Twenty-five years ago today, with the slogan “We don’t want sexual harassment, we want orgasms,” nearly 1,000 fed-up women took to the streets to protest against widespread sexual harassment in society and the authorities who tend to side with the perpetrators.
Back then, few people had even heard of the term “sexual harassment” — there were no laws against it and rape was not an indictable crime.
Today, there are legal protections in place; anti-sexual harassment stickers and posters in temples, libraries and other public places; and everyone knows what sexual harassment means.
Or do they? Why do today’s courts still have to debate whether certain blatant behaviors constitute sexual harassment? Last month’s judicial debate over whether a grown man forcefully licking an eight-year-old girl’s toes in a hypermart was sexual harassment was already ridiculous, but fortunately the judge ruled against the perpetrator.
However, what happened earlier this month is a travesty. A private high-school teacher surnamed Wu (吳) was dismissed in 2016 following allegations that he incessantly made inappropriate jokes and comments in class, including simulated sexual acts.
He did not physically harass anyone and his jokes were not directed toward any student in particular, but the details of his behavior in the court documents is quite appalling. There is no way that this sort of verbal harassment should be tolerated, and the school rightfully fired him. Under the Sexual Assault Crime Prevention Act (性侵害犯罪防治法) he was barred from teaching for life.
This should have been a testament on how far Taiwan has come in terms of sexual harassment protection after the brave women stepped up 25 years ago during a time when women were not expected to speak out.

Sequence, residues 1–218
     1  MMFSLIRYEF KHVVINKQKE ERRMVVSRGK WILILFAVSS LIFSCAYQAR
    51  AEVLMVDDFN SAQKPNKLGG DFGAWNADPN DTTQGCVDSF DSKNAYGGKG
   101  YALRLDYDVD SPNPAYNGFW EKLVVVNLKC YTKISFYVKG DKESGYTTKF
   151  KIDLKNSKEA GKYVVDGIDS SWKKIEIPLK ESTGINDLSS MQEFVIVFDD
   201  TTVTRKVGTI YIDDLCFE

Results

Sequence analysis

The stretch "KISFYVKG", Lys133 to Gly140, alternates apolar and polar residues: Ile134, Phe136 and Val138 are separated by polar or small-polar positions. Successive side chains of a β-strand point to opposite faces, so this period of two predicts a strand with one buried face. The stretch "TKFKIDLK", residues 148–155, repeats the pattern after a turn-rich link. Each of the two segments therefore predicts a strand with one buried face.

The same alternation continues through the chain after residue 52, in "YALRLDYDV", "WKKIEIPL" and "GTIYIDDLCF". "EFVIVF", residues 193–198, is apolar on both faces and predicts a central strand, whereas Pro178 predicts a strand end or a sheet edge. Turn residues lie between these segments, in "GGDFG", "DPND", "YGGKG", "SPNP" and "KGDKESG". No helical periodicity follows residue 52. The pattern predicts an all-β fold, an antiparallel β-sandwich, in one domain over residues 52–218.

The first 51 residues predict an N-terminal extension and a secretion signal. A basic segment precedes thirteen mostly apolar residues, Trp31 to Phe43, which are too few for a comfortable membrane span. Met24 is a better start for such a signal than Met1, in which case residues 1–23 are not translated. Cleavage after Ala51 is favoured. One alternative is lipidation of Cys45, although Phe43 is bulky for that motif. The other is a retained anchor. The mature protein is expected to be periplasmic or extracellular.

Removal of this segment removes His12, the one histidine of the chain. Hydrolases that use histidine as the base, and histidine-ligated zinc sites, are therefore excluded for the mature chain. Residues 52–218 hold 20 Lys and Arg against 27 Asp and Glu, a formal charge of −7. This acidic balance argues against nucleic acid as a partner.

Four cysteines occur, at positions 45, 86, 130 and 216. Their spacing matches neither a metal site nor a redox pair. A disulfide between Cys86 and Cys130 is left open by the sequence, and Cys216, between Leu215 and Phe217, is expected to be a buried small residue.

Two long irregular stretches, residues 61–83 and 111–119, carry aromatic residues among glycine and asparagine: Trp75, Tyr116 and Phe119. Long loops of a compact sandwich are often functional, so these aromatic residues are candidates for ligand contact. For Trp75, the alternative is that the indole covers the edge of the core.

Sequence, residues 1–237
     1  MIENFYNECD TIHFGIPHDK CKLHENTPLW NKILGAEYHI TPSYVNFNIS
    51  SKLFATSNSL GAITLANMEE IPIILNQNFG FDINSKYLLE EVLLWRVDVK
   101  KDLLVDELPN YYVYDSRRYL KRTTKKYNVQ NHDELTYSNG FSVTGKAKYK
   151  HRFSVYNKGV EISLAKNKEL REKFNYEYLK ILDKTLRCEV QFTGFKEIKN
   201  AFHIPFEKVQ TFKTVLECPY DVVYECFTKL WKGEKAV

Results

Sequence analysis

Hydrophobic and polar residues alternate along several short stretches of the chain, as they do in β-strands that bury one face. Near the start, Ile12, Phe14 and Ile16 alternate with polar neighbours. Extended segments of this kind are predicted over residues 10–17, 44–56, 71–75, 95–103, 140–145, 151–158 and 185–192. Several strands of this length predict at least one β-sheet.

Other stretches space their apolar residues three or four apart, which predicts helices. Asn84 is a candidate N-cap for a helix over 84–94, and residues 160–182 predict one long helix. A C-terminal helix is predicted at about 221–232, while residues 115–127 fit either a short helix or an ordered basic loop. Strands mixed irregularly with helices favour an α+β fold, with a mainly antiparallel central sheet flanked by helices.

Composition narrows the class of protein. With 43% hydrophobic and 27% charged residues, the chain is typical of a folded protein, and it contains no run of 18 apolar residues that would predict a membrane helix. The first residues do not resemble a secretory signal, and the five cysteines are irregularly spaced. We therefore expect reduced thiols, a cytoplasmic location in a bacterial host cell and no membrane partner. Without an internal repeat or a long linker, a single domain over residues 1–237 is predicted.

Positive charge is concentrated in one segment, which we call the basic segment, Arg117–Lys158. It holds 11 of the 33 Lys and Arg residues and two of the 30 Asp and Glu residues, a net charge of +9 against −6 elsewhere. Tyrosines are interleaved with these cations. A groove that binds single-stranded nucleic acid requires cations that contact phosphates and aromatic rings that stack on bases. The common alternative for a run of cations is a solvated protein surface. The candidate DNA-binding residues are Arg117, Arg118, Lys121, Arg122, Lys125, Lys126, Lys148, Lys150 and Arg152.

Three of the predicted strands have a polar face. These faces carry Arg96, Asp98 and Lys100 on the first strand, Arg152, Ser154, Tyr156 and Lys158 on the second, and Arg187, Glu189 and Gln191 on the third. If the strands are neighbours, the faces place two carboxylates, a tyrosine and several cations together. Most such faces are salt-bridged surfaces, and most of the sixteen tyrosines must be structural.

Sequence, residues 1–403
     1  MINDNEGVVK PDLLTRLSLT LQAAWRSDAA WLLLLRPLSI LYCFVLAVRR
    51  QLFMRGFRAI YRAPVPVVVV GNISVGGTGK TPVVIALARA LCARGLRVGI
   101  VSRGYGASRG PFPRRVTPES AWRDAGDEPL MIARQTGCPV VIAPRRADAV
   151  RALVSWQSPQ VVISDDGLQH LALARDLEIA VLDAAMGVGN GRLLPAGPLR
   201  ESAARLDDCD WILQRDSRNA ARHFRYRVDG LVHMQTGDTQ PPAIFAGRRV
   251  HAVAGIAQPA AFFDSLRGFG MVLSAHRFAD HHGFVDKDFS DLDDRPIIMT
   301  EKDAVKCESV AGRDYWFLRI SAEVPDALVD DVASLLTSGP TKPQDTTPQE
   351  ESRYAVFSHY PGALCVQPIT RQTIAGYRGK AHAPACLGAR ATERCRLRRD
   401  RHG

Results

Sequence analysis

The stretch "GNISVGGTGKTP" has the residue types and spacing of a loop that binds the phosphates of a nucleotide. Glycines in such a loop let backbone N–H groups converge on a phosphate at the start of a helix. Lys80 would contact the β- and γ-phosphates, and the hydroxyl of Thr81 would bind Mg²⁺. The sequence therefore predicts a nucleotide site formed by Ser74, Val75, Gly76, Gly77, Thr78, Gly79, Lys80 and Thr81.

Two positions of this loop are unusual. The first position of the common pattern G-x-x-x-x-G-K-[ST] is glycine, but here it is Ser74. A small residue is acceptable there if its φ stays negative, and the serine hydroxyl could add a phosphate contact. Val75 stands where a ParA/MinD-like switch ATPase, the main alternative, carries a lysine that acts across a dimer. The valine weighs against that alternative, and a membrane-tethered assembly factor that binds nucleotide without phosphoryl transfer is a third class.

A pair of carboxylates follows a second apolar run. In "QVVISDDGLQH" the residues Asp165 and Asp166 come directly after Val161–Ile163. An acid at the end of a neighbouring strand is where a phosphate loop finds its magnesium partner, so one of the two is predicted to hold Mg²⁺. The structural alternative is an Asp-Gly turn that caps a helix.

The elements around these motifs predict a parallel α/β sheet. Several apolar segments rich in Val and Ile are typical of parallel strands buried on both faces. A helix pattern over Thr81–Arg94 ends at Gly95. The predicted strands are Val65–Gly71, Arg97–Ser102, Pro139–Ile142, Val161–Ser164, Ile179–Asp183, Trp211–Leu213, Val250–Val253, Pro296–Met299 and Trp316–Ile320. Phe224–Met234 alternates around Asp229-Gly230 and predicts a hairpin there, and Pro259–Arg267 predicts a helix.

However, Wu appealed and the Tainan District Court ruled against the school, ordering it to pay the teacher three years of wages totaling NT$2 million (US$63,573).
The court argued that while Wu’s behavior was inappropriate, he was just joking and did not target any student, nor was there physical contact, and Wu eventually apologized for his behavior.
This is ludicrous. Verbal abuse can hurt just as much as physical abuse, and if an apology could get someone out of a crime, then nobody would be persecuted.
The court even suggested that after receiving punishment, he should have remained at the school, which could monitor his behavior. There is no lack of potential teachers in Taiwan, so why would the school keep him around and risk him offending again? On what grounds does the court have the right to arbitrarily decide that “there is little possibility of Wu repeating his offenses”?
Finally, the court said that depriving Wu of the right to teach would affect his family’s means to survive. The man obviously failed at his job and should not be anywhere near students, much less allowed to teach again. Why is the court being so considerate about the welfare of a criminal?
This is a slap in the face of all Taiwanese who have been sexually harassed and those who have fought to make Taiwan a safer place.
Again, the courts have failed Taiwan. There should be zero tolerance for inappropriate teacher behavior. The government can amend all the laws all it wants, and a few weeks earlier did so through amendments to the Teachers’ Act (教師法), but as long as there are “dinosaur judges” such as this, no amount of regulation will mean anything.
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